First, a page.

We said goodbye to mom nearly 16 years ago, and my father, now 92, still lives in our family home along with my brother, who is beyond a shadow of a doubt, one of the most patient men I have ever known. He cares for our dad, with the assistance of a part-time care provider, Gloria. Last week was John’s birthday and my son and I hit the road and made the three-hour trek south for the celebration.  The childhood teasing he subjected me to does not merit my mercy, but I will conveniently omit his age [you are welcome John]. But, let it be known that he is my OLDER brother!

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Arriving at my childhood home, and walking into the kitchen, I could not help but notice that the table – the very same dining room table – was set impeccably.  The decor, though decidedly a departure from what my mother would choose, was so well thought out, down to the last detail, and so perfectly created with my brother in mind. Gloria – the mastermind behind this party – had brought items from her home to create a setting fit for the celebration. For family celebrations, my mother would prepare a leg of lamb that as a 12 yr old I knew was special; and Cornish game hens that still make my mouth water when I remember them; and countless other dishes made to perfection. To the same height, Gloria prepared a feast true to her family; two recipes of fantastically homemade enchiladas, beans, rice, salad and more. “Juan” made the salsa and guacamole.  On tap were beer, wine, tequila and drinks for the kids.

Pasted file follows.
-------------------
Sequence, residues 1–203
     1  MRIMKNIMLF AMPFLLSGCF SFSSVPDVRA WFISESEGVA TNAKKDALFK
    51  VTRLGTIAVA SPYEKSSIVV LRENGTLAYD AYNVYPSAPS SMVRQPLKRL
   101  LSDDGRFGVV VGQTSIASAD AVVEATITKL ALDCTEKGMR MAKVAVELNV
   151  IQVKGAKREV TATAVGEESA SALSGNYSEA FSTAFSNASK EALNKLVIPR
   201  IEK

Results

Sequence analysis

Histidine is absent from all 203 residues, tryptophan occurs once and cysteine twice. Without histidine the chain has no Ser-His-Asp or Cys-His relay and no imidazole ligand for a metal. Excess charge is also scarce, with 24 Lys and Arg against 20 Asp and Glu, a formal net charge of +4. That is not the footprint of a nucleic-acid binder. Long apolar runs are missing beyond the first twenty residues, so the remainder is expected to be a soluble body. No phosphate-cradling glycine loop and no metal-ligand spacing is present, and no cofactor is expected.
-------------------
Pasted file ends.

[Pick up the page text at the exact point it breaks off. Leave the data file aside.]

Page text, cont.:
My nephew, now 21 and soon to graduate from college, played soccer with my 9 yr old in the backyard, the way that I used to entertain my nephew when he was the only little kid in the room.  Friends from our childhood joined us for the evening and stories ranged from reminiscing of the old days, to forging new ground with sharing about the loss of our parents, and a spouse far too early in life, family dramas and old secrets, our parents’ marriages and world travels.  We exchanged these stories with a fluency only spoken by those who have come up through the same ranks, inexplicably knowing we belong to each other, because our parents had forged the the bonds for us an entire generation ago.  Photos were posted to Facebook and viewed on our phones while sitting 3 feet away from each other, in a living room where as kids we played and hung out, and would never fathom the advent of social networking or smart phones. Shots of tequila were consumed, and with my mother’s every day dishes put aside, we continued to drink and play Mexican Bingo. I quickly became unpopular as I called out “el lotteria’ over and over again. The cards were somehow stacked in my favor; which meant, that everyone else had to drink. While others could walk home, or were home, I had an early drive back the next morning. I needed those wins!